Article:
Zak Brown backs breaks silence on Andretti-Cadillac entry bid

Andretti Global have announced a partnership with General Motors in their bid to join the F1 grid.

The relationship between Formula 1 and the FIA is reaching an all-time low, as neither party seem to agree on whether a new team should be allowed to join the grid.

F1 CEO Stefano Domenicali has previously shut down Michael Andretti’s attempts to become the 11th team on the grid with Andretti Global, suggesting that no matter how appealing the American’s project is, F1 should not risk destabilising itself by expanding the grid.

Despite this previous rejection, Andretti have continued to attempt to join Formula 1 and have now partnered with American car giants General Motors.

This partnership will see Cadillac join forces with Andretti to form Andretti-Cadillac, combining two giants of the motorsport world into a single Formula 1 project.

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FIA president Mohammed Ben Sulayem has revealed that he and his team are looking into the possibility of expanding the F1 grid, and has urged fans to be excited about the prospect of a team as big as Andretti-Cadillac joining the grid.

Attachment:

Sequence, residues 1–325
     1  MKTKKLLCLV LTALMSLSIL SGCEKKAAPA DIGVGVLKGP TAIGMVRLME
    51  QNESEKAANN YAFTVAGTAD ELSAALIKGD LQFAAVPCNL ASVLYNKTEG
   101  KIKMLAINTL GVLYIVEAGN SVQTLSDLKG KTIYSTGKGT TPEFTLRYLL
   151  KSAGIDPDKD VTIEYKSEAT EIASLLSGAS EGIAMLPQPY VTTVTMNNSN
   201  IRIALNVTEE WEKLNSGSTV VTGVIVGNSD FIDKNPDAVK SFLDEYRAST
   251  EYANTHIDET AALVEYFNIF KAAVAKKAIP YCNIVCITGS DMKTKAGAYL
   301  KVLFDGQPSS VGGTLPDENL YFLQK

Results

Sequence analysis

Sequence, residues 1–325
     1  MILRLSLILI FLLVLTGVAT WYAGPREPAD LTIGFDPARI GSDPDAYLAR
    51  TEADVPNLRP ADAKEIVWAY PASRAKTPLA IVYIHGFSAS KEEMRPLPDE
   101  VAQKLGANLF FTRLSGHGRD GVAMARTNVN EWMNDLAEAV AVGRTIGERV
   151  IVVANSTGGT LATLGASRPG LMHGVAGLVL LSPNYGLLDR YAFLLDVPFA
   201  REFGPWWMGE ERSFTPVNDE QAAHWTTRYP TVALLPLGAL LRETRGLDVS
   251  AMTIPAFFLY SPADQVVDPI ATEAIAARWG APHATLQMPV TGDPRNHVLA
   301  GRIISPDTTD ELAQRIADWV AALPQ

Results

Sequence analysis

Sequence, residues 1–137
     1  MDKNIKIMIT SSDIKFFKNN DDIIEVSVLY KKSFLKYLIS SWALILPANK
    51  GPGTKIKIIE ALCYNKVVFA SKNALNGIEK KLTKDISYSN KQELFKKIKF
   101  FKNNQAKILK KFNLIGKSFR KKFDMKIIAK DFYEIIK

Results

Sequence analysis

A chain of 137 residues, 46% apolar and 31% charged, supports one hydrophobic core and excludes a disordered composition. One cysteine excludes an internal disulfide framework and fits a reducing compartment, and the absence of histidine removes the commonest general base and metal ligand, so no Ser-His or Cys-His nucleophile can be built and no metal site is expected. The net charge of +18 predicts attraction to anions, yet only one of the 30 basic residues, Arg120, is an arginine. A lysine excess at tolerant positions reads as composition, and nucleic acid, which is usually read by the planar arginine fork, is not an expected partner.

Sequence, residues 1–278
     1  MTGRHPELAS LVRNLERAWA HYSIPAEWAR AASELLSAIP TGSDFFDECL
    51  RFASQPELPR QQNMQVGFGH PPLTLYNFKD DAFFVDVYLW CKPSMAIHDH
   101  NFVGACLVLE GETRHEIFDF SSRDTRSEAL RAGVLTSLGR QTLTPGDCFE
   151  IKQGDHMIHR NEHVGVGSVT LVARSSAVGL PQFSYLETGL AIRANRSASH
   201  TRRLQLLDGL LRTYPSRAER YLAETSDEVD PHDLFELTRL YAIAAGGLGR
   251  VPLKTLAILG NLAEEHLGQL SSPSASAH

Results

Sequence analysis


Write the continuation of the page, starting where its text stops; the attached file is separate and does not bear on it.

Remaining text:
While some team principals in the paddock have been sceptical about the pros and cons of letting a new team join the sport, McLaren CEO Zak Brown has backed Andretti’s bid, having previously partnered with the team in IndyCar.

“The Andretti name has such a rich history in multiple forms of motorsport,” said the American.

“I think he’s put forward a very compelling proposition. I think it shows the growth of Formula 1.

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“We haven’t had a new team in a long time, since Haas. It’s just great to see Formula 1 attracting new markets, new teams, new sponsors. It’s great to see they want to join the sport, I think he’s put together a compelling team.”

The main concern from the current teams on the grid is that if the new team does not bring in a substantial extra revenue to the sport, the prize pot will simply be split on extra way, meaning everybody gets less.

It is important to note that both F1 and the FIA would have to agree to allow Andretti-Cadillac to join the sport, as neither have the power to expand the grid without the other’s approval.